So what do we make of this? Some might say, so what, we’re impure, we can’t do anything about it, just forget it. Others, both Jews and Christians, are currently hard at work trying to breed purely red cows that can be used to re-establish ritual purity, which in turn, the thinking goes, will either help speed up the arrival of the Messiah or facilitate the building of the Third Temple. While I appreciate their dedication, I have to wonder whether they may be missing part of the point, overlooking the metaphor of creating deliberately impossible conditions to attain “perfection” in favor of genetic engineering and modern animal husbandry. Perhaps one reason the Torah makes it so hard to achieve perfection—or purity— is that the concept should be seen as something we work towards, not a physical item to acquire and then check off a list.
Another theme in this parsha, a theme that carries its own share of mystery, is death. Right after we learn about the Red Heifer ritual, the prophetess Miriam dies. Unfortunately we don’t receive much information about her death, but we are told about a problem it causes: the miraculous well that followed her through the desert has disappeared and the Israelites are suffering from extreme thirst. This, in fact, is what leads to the famous scene of Moses striking the rock at Kadesh, and being told that he and Aaron will not be allowed to enter the land of Canaan. Soon afterwards, Aaron dies as well. Interestingly enough, the rabbis of the Talmud add that the pillar of cloud, which had followed the Israelites, disappeared at Aaron’s death, echoing the loss of Miriam’s well.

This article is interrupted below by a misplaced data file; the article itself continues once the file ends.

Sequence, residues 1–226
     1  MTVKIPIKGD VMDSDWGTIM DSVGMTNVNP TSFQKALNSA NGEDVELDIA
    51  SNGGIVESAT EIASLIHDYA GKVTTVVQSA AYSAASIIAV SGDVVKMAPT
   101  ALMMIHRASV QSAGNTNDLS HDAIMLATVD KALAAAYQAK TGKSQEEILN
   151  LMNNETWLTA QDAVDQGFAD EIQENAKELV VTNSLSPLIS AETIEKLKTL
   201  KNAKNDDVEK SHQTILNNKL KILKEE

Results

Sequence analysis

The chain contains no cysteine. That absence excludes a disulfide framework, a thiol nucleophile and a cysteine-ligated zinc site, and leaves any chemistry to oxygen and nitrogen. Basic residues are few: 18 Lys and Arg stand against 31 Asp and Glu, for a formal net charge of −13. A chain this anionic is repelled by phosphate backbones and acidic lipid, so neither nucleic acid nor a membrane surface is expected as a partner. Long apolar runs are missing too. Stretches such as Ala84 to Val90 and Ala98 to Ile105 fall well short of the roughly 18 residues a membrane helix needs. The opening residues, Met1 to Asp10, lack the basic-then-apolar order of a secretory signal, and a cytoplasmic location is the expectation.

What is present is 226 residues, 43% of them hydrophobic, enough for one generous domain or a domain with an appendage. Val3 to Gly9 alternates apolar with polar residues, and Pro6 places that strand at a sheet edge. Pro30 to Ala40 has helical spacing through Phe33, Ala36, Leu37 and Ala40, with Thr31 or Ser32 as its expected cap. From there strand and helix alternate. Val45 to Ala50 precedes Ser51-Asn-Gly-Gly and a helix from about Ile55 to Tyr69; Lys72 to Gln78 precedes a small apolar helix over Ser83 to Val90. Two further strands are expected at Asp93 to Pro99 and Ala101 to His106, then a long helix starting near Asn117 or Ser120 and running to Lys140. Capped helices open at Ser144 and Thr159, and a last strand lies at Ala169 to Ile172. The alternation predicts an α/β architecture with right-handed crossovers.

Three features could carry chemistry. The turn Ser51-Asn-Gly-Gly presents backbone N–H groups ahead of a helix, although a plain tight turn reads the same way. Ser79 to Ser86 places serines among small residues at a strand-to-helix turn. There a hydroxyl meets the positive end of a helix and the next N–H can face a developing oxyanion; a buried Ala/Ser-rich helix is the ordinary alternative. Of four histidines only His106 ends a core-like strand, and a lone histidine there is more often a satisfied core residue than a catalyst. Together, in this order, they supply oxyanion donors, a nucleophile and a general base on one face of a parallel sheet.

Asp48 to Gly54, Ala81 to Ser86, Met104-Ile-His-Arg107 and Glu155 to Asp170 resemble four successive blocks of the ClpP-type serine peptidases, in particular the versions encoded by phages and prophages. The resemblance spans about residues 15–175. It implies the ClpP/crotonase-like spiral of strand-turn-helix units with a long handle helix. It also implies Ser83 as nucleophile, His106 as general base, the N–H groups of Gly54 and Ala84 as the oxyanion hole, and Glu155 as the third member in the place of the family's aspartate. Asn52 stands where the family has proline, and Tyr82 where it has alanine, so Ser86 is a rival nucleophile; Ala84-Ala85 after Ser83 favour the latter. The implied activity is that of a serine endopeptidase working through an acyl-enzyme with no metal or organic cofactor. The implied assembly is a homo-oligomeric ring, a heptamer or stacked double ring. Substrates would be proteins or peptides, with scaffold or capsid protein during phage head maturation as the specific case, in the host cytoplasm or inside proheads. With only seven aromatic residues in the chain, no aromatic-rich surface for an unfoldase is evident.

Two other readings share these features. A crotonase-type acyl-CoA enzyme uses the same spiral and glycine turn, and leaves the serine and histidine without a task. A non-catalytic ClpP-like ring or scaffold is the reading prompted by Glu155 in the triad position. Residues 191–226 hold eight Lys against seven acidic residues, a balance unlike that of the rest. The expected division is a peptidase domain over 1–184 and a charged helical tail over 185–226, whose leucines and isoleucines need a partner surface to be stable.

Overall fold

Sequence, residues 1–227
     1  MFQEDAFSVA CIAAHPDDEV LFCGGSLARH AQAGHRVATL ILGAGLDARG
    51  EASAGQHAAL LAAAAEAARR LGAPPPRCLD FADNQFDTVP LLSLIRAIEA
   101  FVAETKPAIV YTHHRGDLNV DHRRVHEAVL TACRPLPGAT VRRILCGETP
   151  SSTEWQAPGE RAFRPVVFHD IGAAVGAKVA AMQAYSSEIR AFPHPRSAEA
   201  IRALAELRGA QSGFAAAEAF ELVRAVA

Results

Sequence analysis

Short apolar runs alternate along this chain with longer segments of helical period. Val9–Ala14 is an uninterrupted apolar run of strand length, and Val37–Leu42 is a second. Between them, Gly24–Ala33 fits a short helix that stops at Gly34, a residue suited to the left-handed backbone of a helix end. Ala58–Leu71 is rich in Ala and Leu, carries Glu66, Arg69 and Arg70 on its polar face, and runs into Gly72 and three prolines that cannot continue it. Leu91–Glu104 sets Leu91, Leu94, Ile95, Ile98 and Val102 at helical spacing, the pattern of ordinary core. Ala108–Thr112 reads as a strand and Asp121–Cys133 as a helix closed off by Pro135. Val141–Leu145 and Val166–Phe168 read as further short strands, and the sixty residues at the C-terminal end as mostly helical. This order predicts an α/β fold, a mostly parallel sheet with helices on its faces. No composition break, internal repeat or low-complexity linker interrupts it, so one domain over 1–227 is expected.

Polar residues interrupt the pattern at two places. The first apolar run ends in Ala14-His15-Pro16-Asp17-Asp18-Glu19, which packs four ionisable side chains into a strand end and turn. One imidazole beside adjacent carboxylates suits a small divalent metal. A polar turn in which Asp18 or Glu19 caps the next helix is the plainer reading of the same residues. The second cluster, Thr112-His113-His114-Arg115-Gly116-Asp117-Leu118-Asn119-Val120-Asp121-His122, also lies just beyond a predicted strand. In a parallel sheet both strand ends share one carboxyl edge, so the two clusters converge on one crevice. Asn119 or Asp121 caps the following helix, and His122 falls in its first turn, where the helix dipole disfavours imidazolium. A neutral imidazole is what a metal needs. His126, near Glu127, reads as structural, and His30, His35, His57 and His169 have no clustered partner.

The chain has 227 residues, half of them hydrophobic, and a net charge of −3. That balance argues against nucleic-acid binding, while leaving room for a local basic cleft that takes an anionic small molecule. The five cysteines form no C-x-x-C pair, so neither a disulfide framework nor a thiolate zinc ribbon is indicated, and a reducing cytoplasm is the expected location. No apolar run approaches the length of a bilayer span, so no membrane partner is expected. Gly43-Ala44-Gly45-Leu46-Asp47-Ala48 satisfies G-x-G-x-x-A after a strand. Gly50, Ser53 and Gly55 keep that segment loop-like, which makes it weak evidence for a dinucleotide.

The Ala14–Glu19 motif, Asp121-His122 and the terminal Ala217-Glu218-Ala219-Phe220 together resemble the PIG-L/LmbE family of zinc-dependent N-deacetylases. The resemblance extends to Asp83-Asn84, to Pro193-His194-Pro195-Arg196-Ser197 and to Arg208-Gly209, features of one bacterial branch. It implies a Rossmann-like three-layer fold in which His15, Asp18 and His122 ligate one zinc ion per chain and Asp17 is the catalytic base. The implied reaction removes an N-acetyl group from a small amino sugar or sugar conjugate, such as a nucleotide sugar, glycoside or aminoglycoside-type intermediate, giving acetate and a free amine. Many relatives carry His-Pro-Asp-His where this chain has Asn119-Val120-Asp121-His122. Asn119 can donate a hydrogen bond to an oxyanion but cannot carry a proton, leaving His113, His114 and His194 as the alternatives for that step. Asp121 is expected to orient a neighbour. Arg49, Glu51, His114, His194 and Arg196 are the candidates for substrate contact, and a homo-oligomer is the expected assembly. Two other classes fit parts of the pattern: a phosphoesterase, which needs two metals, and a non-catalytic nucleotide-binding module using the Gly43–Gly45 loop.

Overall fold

How often do we, too, only truly appreciate the gifts we receive from each other, from friends, from family, until they are gone? It is so easy to take people and their contributions, whether physical, emotional or otherwise, for granted—and the fact that this is apparently not a new problem is not much comfort.
Also not of much comfort is the attempt to rationalize Moses and Aaron’s deaths by connecting them to the sin of striking the rock. Some argue that perhaps Moses needed more faith, or was too angry, or unnecessarily engaged in name-calling. Perhaps, they add, Aaron should have stopped him, and that was why he was punished as well. And perhaps, the argument goes, both of them actually show true deference to God by accepting their fates relatively calmly.